In this talk Dr. Paul Dunphy will describe exemplar infrastructures of this type, and two user studies that assess the performance of the watchers of CCTV video online. The results prompt a discussion regarding the effectiveness of using crowdsourcing in such contexts, and the role such infrastructures can play in society.

Speaker Bio: Paul is a postdoctoral researcher in the Culture Lab at Newcastle University. He is interested in multi-disciplinary approaches to understand and design security and privacy technologies.

 If you would like to join us for this presentation, please book your place via Eventbrite.

Puerto Rico welcomes a new BUDI


Every year the prestigious Alzheimer’s Disease International conference welcomes practitioners, academics, people living with dementia, medical professionals and clinicians from all over the world to share their latest knowledge, experience and research about dementia careThis year I was lucky enough to attend and represent BUDI at the 29th International Conference of Alzheimer’s Disease International Dementia: Working Together for a Global Solution, hosted in San Juan on the beautiful island of Puerto Rico.

Three abstracts were accepted to be orally presented, so this was a great opportunity to showcase some of BUDI’s innovative research projects to world leading dementia specialists. The three presented projects were the Technology Club (Dementia Care and Technology), Tales of the Sea (Empowering people with dementia) and (Dont) Mention Dementia (Voices of people with dementia and their families).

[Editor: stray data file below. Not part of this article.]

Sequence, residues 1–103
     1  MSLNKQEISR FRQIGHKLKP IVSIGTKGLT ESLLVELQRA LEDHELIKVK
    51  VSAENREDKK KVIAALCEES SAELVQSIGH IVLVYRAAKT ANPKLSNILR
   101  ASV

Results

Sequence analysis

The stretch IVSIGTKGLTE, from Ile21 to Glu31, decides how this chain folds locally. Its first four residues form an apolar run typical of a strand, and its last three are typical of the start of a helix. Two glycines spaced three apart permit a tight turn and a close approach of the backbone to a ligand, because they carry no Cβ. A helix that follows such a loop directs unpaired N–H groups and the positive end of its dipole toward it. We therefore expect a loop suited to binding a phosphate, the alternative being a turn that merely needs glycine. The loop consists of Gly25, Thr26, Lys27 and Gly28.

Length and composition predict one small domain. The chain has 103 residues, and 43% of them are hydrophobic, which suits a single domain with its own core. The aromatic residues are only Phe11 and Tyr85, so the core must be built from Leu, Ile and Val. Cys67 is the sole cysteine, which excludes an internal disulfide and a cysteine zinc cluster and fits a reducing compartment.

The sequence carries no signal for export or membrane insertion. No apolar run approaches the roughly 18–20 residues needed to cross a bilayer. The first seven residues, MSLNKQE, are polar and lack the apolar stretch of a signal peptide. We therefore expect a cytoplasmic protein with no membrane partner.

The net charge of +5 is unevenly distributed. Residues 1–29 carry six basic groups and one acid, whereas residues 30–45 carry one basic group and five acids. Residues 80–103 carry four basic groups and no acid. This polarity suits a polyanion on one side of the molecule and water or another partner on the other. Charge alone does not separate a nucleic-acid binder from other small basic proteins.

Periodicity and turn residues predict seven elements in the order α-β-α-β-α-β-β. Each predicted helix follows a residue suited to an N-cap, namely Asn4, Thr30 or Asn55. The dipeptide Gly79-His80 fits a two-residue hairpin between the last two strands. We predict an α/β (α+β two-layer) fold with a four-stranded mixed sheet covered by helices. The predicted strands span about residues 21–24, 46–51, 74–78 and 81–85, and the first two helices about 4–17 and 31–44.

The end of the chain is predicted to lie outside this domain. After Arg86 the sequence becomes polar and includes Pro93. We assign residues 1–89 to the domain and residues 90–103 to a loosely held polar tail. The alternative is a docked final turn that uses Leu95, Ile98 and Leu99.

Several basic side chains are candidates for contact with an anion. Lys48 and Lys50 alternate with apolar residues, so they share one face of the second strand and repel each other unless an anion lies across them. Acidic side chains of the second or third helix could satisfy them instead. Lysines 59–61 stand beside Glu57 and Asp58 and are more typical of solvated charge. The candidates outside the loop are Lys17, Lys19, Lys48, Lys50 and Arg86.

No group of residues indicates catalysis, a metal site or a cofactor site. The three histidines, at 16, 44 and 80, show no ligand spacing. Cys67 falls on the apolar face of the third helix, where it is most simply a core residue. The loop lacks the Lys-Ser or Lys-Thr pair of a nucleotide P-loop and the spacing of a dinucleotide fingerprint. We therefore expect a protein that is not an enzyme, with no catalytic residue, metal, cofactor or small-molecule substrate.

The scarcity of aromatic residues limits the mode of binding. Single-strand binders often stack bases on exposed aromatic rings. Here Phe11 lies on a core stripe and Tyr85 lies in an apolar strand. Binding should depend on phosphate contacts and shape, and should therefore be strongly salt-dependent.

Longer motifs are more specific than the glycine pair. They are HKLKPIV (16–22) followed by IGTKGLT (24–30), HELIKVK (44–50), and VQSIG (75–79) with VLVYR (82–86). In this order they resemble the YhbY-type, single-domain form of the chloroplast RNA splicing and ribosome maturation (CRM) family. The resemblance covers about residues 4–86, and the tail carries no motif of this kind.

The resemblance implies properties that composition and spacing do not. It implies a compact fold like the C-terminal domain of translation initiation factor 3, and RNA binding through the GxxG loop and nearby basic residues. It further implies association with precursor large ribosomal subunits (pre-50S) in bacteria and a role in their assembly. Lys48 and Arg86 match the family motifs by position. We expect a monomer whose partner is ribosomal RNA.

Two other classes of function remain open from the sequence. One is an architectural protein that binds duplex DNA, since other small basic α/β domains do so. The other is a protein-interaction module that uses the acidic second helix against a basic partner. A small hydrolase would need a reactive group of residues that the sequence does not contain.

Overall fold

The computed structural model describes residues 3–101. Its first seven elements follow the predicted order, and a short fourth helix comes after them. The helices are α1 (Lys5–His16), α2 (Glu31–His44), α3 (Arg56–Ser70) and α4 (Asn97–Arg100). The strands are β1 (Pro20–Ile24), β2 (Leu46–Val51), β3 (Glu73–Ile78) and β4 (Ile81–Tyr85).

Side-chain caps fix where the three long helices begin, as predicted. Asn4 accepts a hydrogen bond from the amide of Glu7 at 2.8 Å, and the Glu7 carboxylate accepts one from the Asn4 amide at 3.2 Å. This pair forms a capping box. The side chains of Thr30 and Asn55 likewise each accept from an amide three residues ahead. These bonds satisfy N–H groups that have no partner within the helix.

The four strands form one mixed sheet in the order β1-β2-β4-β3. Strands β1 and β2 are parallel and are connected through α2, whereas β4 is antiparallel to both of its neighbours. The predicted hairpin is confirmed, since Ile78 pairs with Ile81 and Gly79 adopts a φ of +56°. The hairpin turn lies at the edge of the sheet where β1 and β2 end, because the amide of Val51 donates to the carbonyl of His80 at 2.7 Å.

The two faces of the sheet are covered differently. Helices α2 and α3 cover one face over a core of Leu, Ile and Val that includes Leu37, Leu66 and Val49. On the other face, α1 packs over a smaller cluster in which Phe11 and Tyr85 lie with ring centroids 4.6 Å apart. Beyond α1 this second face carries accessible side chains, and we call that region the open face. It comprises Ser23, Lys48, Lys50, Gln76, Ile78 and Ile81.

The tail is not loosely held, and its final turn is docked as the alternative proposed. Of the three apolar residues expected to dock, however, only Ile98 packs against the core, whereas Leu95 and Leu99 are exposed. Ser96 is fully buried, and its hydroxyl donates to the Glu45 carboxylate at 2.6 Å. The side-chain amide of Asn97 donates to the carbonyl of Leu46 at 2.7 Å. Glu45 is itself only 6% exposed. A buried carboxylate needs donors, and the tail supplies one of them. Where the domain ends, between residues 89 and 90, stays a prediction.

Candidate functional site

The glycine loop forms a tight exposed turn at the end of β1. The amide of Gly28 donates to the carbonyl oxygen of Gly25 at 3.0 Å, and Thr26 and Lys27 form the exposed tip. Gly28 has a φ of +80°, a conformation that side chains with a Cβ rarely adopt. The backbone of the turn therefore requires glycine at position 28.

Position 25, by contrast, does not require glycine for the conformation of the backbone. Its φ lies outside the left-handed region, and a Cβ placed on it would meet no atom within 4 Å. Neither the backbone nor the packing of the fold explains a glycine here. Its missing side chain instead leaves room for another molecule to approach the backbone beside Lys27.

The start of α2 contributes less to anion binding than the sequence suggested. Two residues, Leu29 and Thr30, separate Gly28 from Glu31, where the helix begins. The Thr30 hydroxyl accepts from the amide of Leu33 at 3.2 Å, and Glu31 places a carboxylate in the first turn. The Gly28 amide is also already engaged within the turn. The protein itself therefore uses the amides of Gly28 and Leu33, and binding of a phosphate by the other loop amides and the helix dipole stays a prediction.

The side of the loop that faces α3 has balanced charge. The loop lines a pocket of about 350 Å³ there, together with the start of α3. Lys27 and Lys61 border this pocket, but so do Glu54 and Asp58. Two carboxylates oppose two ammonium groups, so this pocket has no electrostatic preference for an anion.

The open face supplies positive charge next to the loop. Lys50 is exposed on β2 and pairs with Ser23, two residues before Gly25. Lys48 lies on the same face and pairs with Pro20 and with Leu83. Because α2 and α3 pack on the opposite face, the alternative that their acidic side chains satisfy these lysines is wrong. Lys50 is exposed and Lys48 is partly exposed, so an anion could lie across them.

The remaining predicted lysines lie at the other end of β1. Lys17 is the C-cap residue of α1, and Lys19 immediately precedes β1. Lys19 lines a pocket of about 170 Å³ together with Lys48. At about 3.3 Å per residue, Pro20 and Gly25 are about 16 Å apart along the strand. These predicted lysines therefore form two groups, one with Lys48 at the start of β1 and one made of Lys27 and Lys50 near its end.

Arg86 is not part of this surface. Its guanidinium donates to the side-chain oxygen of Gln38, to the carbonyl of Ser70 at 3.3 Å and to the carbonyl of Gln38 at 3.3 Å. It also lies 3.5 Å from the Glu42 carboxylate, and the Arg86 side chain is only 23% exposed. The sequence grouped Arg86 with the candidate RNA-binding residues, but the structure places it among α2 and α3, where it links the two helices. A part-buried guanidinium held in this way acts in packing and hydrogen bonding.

All three presentations were well received and stimulated discussion and many questions. The feedback I received after my presentations and during the conference was that BUDI’s projects were seen as innovative, creative and great examples of how to engage people with dementia in research and how people with dementia should be at the core of all research.

Above and beyond presenting, I had the opportunity to catch up with Peter, an Australian colleague (who I have been working on the international GRIID research project with for around two years and have never met!) Peter presented the GRIID project (Gateway to Rural International Initiatives in Dementia) at this conference. After his presentation we were able to meet and come up with some really innovative ideas to take the GRIID project to the next level.

To top off a very successful conference, I won a huge kangaroo courtesy of the Australian Alzheimer’s Association. He was unfortunately a bit too big to fit into my case so he to travelled home with another colleague…I wonder if I will ever get him back as he was very cute!

Since returning home I have started to get in touch with some of the many contacts I made at this conference and look forward to potential international collaborations. This conference highlights all the good work currently being undertaken but also emphasises the amount of work we still need to do. I invite you to check out the below clip of Richard Taylor PhD, who presented numerous times at the conference. Richard is extremely funny and has a great approach and attitude to life. It is very thought provoking as he shares his thoughts about living with dementia. http://www.youtube.com/watch?v=lHQfc3KJ9qE.

Clare Cutler, BUDI Project Manager